JERKY BOYS

Among the number of specialty food niches one could survey at the International Fancy Food Show at the Javits Center this year I was particularly struck by the expanding varieties of packaged dried meat products – and this was only in the North Pavilion annexed to the main building of the Javits. Certainly I have noted more and more different brands of various beef and other jerkys on offer in the supermarkets, delis and specialty food shops around the city, but the International Fancy Food show, as always, featured varieties I had no prior knowledge of. After sampling a number of these over the time since the show, I can offer an account (by no means exhaustive) of notable products in this area.

Steamboat Springs Sweetwood Cattle Company [www.sweetwood.com], “inspired by over 100 years of ranching in the Rocky Mountain West,” produces a “whole muscle cut” jerky equally chewy, moist and tender, and sliced in thick, irregularly shaped chunks rather than sheets or slabs, as many other firms do. The matte black pouches are emblazoned outside with flag iconography – the ‘C’ of Colorado’s flag is part of the company logo, and the US flag is printed on the bottom – and within they feature a number of “natural style” and “old fashioned” differently-seasoned variations. The naturally wood smoked meat is evenly flavored; the Peppered version delivered a satisfyingly spicy kick, while the Teriyaki flavor was even more moist in quality, with the spiciness balanced by the sweet/sour aspect of the soy sauce marinade.

Perky Jerky [www.perkyjerky.com] makes dried meat from both beef and turkey, and their style is fairly uniform in cut, coming in rectangular flat slices. Both the beef and turkey varieties come in four flavor options: Original, Sweet & Spicy, Hot & Bothered, and Teriyaki. Of the flavors, I found the Sweet & Spicy variety to have a nice blend of sweet and savory; the beef is marinated overnight in a sweet jalapeno mixture, with elements of brown sugar, cayenne red peppers, lemon juice, granulated garlic, black pepper and guarana.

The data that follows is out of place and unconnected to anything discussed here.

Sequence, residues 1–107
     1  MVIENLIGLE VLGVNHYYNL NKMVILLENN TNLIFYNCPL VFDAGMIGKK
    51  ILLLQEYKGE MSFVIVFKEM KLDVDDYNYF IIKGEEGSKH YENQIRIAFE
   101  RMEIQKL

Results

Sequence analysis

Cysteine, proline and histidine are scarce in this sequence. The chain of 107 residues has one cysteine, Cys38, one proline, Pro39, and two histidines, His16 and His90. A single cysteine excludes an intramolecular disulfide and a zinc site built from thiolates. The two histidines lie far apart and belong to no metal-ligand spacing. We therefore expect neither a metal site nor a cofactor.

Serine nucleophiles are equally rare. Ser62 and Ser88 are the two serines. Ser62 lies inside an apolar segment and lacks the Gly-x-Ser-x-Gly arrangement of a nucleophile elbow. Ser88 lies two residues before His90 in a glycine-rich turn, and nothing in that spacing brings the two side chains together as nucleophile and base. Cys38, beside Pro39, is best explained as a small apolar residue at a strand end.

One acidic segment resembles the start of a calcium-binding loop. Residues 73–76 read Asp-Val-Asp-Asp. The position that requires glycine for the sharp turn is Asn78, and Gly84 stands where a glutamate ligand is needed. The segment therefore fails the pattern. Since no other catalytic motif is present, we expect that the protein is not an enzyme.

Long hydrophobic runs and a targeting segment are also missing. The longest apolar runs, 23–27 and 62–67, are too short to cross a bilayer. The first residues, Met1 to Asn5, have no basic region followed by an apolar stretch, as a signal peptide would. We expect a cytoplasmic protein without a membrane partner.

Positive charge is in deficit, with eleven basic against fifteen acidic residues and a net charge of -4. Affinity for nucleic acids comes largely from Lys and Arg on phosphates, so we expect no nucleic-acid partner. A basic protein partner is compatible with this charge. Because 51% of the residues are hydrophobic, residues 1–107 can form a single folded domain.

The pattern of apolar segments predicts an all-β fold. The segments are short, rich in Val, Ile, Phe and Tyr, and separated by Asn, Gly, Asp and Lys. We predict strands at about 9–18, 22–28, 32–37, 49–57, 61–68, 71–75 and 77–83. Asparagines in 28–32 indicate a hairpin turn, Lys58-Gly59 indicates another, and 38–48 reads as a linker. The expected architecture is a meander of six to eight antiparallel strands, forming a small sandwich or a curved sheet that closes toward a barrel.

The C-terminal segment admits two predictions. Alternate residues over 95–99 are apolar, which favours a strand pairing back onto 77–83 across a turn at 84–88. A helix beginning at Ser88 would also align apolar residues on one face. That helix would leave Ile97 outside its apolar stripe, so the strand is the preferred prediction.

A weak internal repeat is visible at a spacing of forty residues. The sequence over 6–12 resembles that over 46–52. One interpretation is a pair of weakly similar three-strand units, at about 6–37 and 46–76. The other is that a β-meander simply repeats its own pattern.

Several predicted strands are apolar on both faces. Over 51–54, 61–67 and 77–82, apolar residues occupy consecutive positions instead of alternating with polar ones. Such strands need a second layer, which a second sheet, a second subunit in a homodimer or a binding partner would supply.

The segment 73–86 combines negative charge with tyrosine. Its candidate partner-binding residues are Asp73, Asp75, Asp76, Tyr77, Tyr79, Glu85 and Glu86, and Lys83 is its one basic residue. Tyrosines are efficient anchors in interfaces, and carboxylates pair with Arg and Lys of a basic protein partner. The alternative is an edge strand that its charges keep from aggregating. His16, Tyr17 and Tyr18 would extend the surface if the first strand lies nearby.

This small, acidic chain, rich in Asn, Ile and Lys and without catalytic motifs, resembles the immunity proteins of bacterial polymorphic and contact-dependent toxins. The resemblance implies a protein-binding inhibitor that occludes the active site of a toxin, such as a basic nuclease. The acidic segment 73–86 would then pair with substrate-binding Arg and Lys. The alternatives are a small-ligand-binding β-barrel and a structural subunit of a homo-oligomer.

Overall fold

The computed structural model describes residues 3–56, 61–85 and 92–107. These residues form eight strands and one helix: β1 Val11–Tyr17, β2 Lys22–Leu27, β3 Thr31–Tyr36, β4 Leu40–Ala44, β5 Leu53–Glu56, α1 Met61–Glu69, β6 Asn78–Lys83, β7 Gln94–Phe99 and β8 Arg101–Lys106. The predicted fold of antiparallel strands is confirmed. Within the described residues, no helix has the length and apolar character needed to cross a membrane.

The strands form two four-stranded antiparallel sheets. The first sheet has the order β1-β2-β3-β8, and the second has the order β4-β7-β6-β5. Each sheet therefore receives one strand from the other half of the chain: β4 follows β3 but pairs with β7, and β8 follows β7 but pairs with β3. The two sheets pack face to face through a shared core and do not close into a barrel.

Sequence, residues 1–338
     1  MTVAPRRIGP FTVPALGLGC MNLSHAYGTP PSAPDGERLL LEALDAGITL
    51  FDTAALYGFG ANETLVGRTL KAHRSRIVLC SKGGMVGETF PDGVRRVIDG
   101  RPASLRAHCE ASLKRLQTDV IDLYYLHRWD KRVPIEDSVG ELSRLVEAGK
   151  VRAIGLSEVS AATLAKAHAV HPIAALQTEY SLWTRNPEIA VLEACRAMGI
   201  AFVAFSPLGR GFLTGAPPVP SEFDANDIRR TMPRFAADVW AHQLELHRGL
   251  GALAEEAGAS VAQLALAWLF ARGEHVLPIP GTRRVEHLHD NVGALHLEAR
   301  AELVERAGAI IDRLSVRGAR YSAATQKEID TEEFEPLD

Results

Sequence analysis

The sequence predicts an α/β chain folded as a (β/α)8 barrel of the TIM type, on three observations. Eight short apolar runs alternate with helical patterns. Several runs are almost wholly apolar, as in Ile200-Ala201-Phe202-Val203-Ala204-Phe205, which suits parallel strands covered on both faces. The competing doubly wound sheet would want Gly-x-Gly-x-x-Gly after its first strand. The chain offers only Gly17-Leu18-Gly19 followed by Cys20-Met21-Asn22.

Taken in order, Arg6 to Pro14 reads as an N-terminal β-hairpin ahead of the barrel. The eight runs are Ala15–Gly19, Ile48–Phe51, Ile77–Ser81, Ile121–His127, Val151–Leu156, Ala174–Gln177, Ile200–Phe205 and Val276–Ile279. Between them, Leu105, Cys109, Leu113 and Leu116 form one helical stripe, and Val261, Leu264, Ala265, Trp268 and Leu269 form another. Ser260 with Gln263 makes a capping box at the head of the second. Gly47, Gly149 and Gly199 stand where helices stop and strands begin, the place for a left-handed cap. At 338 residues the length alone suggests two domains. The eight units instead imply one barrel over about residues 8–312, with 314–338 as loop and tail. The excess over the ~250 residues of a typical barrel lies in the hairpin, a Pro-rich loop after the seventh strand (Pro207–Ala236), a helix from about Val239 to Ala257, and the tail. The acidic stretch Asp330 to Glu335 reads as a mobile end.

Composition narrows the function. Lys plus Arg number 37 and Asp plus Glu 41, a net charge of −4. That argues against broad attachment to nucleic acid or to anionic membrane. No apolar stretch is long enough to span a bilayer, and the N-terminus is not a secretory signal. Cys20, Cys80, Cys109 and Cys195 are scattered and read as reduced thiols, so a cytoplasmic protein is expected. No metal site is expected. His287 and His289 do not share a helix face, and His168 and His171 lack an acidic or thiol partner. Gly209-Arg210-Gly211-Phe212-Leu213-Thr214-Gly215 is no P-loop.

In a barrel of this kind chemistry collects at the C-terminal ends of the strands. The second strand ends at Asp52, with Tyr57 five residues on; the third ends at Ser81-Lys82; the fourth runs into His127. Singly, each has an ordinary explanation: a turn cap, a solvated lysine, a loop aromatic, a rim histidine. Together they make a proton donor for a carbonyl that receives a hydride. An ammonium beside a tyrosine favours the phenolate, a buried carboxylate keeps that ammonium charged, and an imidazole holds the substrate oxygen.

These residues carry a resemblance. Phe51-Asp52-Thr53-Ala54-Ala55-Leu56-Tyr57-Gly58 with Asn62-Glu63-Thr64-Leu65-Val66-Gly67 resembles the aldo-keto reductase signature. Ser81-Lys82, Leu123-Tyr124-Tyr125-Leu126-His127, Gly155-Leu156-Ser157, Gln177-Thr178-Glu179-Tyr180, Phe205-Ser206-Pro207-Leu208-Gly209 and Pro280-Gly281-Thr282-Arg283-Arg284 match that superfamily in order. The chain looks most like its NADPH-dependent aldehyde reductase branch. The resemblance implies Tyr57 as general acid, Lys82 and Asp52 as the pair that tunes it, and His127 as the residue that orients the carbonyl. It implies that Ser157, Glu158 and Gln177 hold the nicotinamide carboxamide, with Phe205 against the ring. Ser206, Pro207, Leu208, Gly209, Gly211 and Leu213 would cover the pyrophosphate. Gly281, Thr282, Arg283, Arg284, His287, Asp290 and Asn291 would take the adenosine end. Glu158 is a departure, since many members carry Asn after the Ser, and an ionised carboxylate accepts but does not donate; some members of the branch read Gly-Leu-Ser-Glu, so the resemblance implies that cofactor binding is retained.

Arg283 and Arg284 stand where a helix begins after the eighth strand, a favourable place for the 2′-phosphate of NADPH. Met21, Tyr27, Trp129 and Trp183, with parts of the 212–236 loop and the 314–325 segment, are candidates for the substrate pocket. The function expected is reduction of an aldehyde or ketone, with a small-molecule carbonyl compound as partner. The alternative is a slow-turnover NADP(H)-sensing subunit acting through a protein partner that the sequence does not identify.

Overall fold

Several New York-based firms have established an impressive foothold in the sphere of dried beef and meat products. One such local outfit has a line of products more similar in chewy texture to what most people may remember from the dried beef they were first exposed to. Field Trip All Natural Beef Jerkys [www.fieldtripjerky.com], which boast on the front of their packages that they contain no preservatives, have no nitrates or added MSG and are low in fat, are distinguished primarily by their good blend of seasonings – they come in Honey Spice No.11, Original No. 3 and Teriyaki No. 23 flavors.

Also boasting a chewiness of traditional jerkys are those produced by Slantshack Jerky [www.slatshackjerky.com], a Jersey City-based company that uses only Vermont Highland Cattle in their products. Their jerkys aren’t as thinly-sliced as other styles, and have a great variety in natural seasoning; their varieties are Original (with a gingery bite), Dried + True (with garlic and gingery seasoning), Jerk McGurk’s Wild Rubdown (a great barbeque version that’s “a little sweet, a little salt, a little spice”), Bronx Pale Ale (flavored with beer), Vermont Maple Glaze + Garlic (with maple syrup), and Spicy Redrub (“a slow-building savory heat – a 6 on the heat scale”).

Staking out a taste territory unique in its simplicity is Jonty Jacobs [www.jontyjacobs.com] line of South African style dried beef. A Brooklyn-based firm, Jonty Jacobs wasn’t at Javits this year, instead concentrating on opening their first retail store on Christopher Street in the West Village. While the store boasts a line of different, largely imported products and condiments, the main attractions are the two primary versions of dried beef they produce, Droëwors – a lightly spicy beef sausage in lamb casings (think Slim Jims with an earthiness and attitude) – and Biltong, small thinly-sliced strips of dried beef, enhanced not only by the spice blend applied in their curing but also by the generous fat left on the pieces of steer.

One of the leading innovators in the realm of dried meat snacks, both in terms of packaging and the seasoning and tenderness of their meats is Krave [www.kravejerky.com]. Their products depart from the overly-chewiness of traditional jerkys, and are generally cut into pieces quite a bit larger than other jerkys, while still maintaining a nice moist texture. Their Chili Lime beef jerky, seasoned with garlic chili sauce, lime juice powder, celery juice powder and a medley of spices, has a wonderful balance between sweet, spicy hot and savory. The Black Cherry Barbecue Seasoned Pork Jerky was lightly sweet – with seasonings including tomato paste, honey, cherries, seas salt, red wine vinegar, natural black cherry syrup, molasses and other spices – and very moist and tender. I also sampled their Basil Citrus Turkey Jerky, likewise seasoned with a complex of flavors – cane syrup, apple juice, lemon juice, honey, lemon pepper, garlic powder and onion powder are among them – and offering a far less dry presentation of turkey breast meat than one normally encounters, whether at the annual Thanksgiving Day table or elsewhere.

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